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Longitudinal vibrations in solid metal rods

  1. Nov 20, 2009 #1
    Hi people,

    I have a question which i hope you helpful guys/gals can help to shed light on.

    We all know when we strike one end of a solid metal rod with a hammer sideways (i.e. from left to right), longitudinal vibrations will be set up across the length of the rod. Textbooks and websites always say that when we hold with our fingers in the centre of the rod, that location becomes a node.

    My question is why does our fingers introduce a node? Are our fingers so strong that we can force every metal atom to remain still and not vibrate to and fro? Sounds a bit far stretched to me...

    Thanks for the advice.
     
  2. jcsd
  3. Nov 20, 2009 #2
    Hi, vibrations discontinue and becomes like a sine wave..so you there will be a node something..sometimes force on figures also matter..for e.g. in string musical instrument..
     
  4. Nov 21, 2009 #3
    Hi Rajini,

    Thanks for the reply. But i guess it still doesnt address the question why the presence of the holding fingers force that location to become a node.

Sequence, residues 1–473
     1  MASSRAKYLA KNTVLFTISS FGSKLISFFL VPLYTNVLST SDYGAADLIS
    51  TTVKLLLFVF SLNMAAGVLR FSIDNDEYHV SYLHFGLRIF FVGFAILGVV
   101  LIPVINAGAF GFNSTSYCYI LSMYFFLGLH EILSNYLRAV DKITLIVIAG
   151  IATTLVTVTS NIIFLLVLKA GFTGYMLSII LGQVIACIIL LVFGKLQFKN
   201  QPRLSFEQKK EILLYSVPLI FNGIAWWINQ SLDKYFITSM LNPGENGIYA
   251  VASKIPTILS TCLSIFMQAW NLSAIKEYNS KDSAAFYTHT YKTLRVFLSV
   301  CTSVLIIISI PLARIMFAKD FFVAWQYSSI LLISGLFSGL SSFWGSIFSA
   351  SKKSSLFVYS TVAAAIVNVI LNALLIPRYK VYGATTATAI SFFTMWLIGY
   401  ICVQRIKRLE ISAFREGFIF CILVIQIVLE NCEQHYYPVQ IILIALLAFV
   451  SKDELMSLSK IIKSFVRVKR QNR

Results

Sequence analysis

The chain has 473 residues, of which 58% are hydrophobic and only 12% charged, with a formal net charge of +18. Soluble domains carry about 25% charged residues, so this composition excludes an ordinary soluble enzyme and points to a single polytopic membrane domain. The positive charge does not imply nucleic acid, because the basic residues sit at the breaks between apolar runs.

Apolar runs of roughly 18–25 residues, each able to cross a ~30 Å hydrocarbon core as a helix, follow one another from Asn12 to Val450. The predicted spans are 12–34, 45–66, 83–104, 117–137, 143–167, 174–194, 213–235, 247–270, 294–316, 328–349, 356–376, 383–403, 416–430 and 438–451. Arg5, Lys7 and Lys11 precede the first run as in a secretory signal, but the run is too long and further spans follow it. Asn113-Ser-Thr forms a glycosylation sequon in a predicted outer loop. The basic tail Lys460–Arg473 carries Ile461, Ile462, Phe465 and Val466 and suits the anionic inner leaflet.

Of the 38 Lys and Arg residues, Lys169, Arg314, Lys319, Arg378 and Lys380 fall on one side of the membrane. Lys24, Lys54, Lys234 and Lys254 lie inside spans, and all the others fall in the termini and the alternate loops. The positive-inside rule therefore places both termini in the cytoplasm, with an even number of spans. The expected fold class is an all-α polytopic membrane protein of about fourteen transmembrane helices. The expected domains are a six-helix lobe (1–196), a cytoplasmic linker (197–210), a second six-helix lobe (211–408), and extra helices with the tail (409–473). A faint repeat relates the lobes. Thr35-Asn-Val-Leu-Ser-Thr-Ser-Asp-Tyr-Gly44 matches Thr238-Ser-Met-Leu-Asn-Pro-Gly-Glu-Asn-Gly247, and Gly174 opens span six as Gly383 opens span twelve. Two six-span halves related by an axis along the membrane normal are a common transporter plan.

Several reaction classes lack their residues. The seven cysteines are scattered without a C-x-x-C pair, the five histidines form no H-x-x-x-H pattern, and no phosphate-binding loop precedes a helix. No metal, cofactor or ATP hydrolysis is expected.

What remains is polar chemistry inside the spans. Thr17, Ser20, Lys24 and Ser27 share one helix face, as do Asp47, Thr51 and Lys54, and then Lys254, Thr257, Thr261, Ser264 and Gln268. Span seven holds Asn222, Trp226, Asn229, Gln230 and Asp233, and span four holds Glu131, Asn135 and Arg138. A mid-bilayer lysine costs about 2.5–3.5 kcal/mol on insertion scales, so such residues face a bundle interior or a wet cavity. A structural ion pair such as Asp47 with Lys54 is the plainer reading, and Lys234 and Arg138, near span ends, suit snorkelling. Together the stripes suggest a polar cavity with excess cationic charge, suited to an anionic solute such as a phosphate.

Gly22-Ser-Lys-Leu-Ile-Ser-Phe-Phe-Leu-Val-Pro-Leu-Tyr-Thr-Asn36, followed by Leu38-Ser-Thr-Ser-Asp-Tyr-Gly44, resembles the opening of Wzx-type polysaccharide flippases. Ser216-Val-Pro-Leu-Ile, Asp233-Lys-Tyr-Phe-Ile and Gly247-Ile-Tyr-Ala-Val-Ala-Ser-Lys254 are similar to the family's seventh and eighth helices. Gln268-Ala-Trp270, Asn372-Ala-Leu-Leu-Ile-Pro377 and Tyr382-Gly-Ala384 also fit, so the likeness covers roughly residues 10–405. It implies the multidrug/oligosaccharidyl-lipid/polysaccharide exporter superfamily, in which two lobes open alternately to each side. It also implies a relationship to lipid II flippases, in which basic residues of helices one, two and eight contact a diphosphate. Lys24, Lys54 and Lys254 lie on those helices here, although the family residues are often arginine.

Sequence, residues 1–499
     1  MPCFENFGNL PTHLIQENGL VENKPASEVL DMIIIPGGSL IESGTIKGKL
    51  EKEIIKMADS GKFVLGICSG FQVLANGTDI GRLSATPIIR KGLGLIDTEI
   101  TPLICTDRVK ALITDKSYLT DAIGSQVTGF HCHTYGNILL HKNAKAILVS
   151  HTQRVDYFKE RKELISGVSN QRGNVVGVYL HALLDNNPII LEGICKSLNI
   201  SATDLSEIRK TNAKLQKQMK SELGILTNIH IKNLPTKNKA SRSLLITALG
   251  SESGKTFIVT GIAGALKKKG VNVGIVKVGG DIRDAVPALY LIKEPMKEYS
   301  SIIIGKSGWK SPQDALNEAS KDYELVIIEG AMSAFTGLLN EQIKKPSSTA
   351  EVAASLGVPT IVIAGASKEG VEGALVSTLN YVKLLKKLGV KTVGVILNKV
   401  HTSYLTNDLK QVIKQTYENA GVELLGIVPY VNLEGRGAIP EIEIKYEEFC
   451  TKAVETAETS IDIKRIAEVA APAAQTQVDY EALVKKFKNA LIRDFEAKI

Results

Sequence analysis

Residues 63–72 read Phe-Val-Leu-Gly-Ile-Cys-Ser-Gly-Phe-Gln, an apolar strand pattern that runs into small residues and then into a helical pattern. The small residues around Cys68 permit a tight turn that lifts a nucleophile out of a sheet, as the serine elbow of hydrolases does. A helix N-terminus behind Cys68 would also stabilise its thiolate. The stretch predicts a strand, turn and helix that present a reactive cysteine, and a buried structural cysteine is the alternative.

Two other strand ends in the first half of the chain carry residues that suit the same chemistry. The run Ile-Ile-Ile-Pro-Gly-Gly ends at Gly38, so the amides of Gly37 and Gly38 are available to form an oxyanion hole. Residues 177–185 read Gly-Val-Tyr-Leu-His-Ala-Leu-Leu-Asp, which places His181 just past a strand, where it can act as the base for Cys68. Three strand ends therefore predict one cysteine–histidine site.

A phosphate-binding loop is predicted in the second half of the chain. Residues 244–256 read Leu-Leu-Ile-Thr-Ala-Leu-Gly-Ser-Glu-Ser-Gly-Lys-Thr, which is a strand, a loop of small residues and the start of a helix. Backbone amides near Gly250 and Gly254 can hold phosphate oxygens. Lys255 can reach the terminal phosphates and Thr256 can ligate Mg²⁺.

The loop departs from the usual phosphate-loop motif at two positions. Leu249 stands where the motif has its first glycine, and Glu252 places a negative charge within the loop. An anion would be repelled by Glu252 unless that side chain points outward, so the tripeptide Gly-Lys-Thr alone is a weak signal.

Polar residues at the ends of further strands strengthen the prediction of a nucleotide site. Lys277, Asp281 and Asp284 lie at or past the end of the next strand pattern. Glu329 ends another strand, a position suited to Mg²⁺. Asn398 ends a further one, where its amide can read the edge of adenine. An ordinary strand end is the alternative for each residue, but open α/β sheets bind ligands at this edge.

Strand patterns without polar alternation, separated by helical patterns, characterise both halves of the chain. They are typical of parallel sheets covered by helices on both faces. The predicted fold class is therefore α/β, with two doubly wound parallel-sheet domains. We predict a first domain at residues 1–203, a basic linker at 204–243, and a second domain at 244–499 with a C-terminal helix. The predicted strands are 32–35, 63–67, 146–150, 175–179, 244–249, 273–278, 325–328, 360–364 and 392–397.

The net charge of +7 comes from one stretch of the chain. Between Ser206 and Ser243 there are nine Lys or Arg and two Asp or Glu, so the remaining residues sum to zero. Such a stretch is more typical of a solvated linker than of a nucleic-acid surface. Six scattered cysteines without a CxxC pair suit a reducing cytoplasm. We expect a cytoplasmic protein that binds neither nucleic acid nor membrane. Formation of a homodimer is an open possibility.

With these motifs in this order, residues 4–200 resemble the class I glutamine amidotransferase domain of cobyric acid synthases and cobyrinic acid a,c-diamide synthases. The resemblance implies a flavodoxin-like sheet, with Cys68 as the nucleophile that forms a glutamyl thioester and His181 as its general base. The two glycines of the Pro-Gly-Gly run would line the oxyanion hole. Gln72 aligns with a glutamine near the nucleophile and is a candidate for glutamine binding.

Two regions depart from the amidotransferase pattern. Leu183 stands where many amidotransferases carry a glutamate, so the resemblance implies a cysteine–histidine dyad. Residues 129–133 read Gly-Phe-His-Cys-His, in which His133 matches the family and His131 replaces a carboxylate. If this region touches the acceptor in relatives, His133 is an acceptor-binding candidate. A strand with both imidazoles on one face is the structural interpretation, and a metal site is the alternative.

Any other responses from the experienced forummers please?

    Thanks!
     
  5. Nov 23, 2009 #4
    Hi klng,
    when you hold at a point..you will minimize the amplitude of the vibration at that point..
    Node= zero amplitude and antinode=max. amplitude.
    Is that okay..
     
  6. Nov 23, 2009 #5
    As you point out, striking a solid metal rod on the end with an axial hammer hit will induce a longitudinal compression wave in the rod that will reflect at the ends and reflect back and forth from end to end. Holding the rod in the center will damp all transverse resonant modes that do not have a node in the center. However, holding the rod in the center won't (I think) convert a longitudinal wave into a transverse wave. The lowest resonant transverse mode is a half-wave with maximum transverse motion at the ends, and with a node in the center. The next is a 3/2-wave mode.
    Bob S
     
  7. Nov 24, 2009 #6
    Depends on the scenario. A long thin piece of metel - Yes - point of contact = node. But short strong piece of metel - No. Proof: hold a metel punch tool with your bare hands and hit it hard with a hammer!! OUCH!! It really hurts. The transverse forces go into your fingers.
     
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